Malware Report: Learn from Past Attacks

Wednesday, March 9, 2011 @ 03:03 PM gHale

By Gregory Hale
Stuxnet was the biggest and most noteworthy attack on the industrial control environment, but it was not the biggest in terms of documented and investigated malware incidents, according to the Security Incidents Organization’s (SIO) 2011 edition of the Repository of Industrial Security Incident’s (RISI) annual “Report on Cyber Security Incidents and Trends Affecting Industrial Control Systems Resulting from Malware Infections.”

“Stuxnet certainly wasn’t the first to attack a control system,” said Eric Byres, chief technology officer at Byres Security. “Malware has been around for a long time and the catch is all malware writers learn from the past. We have to start to learn from what worked and failed in attacks and defenses.”

That is where the RISI report comes in. It focuses and investigates incidents that occurred over the years and gives actual analysis on what happened and how and end user can prevent it in the future. A copy of the malware report costs $595, but readers are eligible for a 10 percent discount through

As of the end of 2010, the RISI database contained 60 confirmed malware incidents that occurred between 1982 and 2010. While that may not seem like a huge number of incidents, it is rare when any company reports an incident. When a report does come in analysts review them in detail to identify trends and expose the vulnerabilities exploited in past infections.

“We provide a realistic assessment of the risk of cyber security to industrial operations,” said John Cusimano, SIO executive director and director of exida’s security services division. “We separate fact from fiction. We investigate and study these incidents. We identify common factors that contributed to incidents so we can use that to prevent future incidents. Share lessons learned from historical data.”

What the Security Incidents Organization wants to do is provide information and data from over a time period that can give perspective and act as a benchmark to possibly avoid future incidents and help give ideas on how to get funding for projects.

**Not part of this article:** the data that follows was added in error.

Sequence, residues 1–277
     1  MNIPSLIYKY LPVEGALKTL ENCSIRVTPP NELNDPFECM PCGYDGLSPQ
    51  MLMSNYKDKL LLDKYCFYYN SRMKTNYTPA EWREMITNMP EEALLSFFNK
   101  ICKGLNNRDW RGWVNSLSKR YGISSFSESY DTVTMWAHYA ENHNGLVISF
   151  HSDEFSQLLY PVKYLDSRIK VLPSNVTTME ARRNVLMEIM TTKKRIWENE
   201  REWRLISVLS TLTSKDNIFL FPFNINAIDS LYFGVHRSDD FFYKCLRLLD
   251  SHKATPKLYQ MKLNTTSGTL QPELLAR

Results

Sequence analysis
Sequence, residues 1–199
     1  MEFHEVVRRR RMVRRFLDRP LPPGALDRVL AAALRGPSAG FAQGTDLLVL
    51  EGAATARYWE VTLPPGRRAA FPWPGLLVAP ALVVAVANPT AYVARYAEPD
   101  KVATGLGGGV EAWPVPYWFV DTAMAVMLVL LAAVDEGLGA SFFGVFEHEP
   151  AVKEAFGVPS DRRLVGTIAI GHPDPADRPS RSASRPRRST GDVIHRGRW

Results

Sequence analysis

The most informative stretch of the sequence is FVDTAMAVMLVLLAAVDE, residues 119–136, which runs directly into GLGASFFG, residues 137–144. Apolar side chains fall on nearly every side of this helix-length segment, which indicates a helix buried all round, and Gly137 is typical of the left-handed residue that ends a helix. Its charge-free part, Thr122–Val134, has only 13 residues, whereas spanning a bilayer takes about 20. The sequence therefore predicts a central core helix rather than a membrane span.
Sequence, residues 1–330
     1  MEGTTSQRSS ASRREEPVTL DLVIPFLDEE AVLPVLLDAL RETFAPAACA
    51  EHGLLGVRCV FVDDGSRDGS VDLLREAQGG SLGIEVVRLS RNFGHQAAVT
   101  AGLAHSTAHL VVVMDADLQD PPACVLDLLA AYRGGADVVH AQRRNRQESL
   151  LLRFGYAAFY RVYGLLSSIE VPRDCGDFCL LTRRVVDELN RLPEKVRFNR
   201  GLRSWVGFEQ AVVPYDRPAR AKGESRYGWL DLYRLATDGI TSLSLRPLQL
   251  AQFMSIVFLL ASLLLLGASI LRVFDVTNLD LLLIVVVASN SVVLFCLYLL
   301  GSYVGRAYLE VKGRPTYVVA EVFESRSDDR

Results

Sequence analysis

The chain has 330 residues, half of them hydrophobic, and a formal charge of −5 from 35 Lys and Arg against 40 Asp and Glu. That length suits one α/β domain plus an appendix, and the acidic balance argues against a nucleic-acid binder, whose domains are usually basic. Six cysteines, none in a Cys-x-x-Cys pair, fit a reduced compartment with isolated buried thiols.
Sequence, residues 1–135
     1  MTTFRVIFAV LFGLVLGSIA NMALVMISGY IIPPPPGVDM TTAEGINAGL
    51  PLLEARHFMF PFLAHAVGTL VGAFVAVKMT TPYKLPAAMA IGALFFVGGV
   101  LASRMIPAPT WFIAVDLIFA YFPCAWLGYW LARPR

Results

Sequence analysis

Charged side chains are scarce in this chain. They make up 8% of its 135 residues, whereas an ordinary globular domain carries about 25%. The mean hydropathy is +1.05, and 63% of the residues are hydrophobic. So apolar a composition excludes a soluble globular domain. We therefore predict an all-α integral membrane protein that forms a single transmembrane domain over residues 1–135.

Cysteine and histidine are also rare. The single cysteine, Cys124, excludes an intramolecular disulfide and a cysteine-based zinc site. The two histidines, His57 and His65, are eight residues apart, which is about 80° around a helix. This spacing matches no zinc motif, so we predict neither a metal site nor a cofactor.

“We provide statistical information for business cases that security managers must write to get funding for projects,” Cusimano said.

Some of the facts Cusimano pointed out were the impact of malware incidents. They found loss of staff time was the top result, however, far more dangerous was the loss of view category which was the second area found to be an issue.

“Loss of view is akin to driving with your eyes closed,” Cusimano said.

The number four impact of a malware attack was the loss of equipment control.

“Lost of equipment control is quite scary because it means the control system was unable to perform its control function due to the impact of the malware,” Cusimano said.

In terms of what the report means to the industry, it goes to show with more knowledge end users will be better prepared.

“This is absolutely critical we continue to do this or we are going to get over run,” Byres said. “Basically, we are going to lose the arms race with the hacking community and the virus developers unless we start to pay more attention and start to understand their practices and understand our failures and successes.”

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